• Although cut from the movie, The Alma Mater/Parody instrumental from the stage version can be heard in the office on the last day and during the carnival scenes.
• Several musical numbers were not used in the film. They appear, however, as jukebox tunes, or band numbers at the high school dance. Among them “Freddy, My Love,” “Those Magic Changes,” and “It’s Raining on Prom Night” all of which were performed by characters in the stage musical.
• Carrie Fisher was considered for the role of Rizzo.
• Grease was released again in theaters in 1998 for a couple of reasons: to mark the 20th anniversary of the original and because the year before, a dance mix of songs from the soundtrack became a big hit on radio.
• The film was released in Spain as Brilliantina (Brilliantine) - because its English title translated as “fat” in Spanish.
• “Greased Lightning” was supposed to be sung by Jeff Conaway’s character, Kenickie, as it is in the stage version. John Travolta used his clout to have his character sing it. The director felt it was only right to ask Conaway if it was okay. At first he refused, but he eventually gave in.
• Danny’s blue windbreaker at the beginning of the film was intended as a nod to Rebel Without a Cause (1955).
• The scene in Frenchy’s bedroom while Rizzo is singing the line about Elvis was actually filmed the same day that Elvis Presley died.
• The final musical scene, “You’re the One That I Want” was filmed with the help of a traveling carnival. However, director Randal Kleiser decided the next day that additional scenes were needed for close-ups. Unfortunately the carnival had left town so set decorators were called in to build replica backgrounds, that matched the carnival ride’s construction for the close-ups.
• Randal Kleiser hated the opening title song, “Grease” (he thought that the cynical lyrics and disco beat were inappropriate for a film set in the 1950s).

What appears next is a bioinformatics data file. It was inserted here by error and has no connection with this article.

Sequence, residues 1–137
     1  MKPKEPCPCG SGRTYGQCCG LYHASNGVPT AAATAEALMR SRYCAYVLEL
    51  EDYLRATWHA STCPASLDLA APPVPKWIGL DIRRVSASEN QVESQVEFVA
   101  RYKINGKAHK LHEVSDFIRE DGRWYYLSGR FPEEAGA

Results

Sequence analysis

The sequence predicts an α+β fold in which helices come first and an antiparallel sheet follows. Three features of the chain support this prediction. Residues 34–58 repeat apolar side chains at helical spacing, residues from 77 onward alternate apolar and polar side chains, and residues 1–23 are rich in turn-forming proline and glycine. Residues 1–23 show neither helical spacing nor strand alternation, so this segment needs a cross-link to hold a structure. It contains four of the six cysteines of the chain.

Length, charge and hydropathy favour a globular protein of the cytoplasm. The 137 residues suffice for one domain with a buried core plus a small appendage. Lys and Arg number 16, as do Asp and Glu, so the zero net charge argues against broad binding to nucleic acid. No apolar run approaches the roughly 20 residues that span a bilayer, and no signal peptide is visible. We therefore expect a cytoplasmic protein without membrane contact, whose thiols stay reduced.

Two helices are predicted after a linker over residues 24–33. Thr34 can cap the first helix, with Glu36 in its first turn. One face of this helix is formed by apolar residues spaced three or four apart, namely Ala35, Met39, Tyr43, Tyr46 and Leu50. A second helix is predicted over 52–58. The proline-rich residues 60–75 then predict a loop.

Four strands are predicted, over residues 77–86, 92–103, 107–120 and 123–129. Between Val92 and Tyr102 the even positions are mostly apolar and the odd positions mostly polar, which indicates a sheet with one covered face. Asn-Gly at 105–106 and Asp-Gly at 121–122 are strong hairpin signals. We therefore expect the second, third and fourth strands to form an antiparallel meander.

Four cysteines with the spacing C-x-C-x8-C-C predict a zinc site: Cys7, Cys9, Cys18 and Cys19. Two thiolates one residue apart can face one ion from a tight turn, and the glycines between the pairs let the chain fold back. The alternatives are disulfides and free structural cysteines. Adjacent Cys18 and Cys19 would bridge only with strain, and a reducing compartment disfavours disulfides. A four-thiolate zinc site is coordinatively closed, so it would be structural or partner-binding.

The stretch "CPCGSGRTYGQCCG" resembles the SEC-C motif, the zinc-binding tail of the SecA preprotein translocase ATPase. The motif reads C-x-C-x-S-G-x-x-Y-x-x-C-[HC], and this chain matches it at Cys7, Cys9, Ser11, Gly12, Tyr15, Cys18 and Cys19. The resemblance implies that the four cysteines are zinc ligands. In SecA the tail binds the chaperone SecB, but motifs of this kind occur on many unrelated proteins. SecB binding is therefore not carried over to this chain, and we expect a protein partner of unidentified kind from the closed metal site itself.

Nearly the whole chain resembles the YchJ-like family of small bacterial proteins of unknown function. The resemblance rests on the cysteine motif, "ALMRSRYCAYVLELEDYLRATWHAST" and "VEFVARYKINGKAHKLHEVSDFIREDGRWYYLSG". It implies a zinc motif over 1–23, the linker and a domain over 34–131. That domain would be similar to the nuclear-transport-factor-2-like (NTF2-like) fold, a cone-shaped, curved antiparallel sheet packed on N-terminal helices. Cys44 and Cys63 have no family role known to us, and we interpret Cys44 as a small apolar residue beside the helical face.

• The dance contest scene was filmed during the summer, when the school was closed. The gym had no air conditioning and the doors had to be kept closed to control lighting, so the building became stifling hot. On more than one occasion, an extra had to be taken out due to heat related illness.
• In the song “Look at Me I’m Sandra Dee”, it originally references Sal Mineo in the stage version. However, due to Mineo’s murder the year before shooting began the reference was given to Troy Donahue.
• In the scene where the cast are near the bridge after the car race, the water on the ground was stagnant and dangerous. Some cast members became ill from filming as the setting was a derelict place full of dirt and rubbish.
• “Hopelessly Devoted To You” was written and recorded after the movie had wrapped. The producers felt they needed a strong ballad and had Olivia Newton-John come back to film her singing this song.
• The official premiere after-party was at Studio 54.
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As car lovers far and wide gather in Pottsville, many will rekindle the flame of past summer loves and come of age once again. Best wishes to those “hopelessly devoted” to their rides. Grease is still the word.
Article reprinted from a previous Schuylkill Plus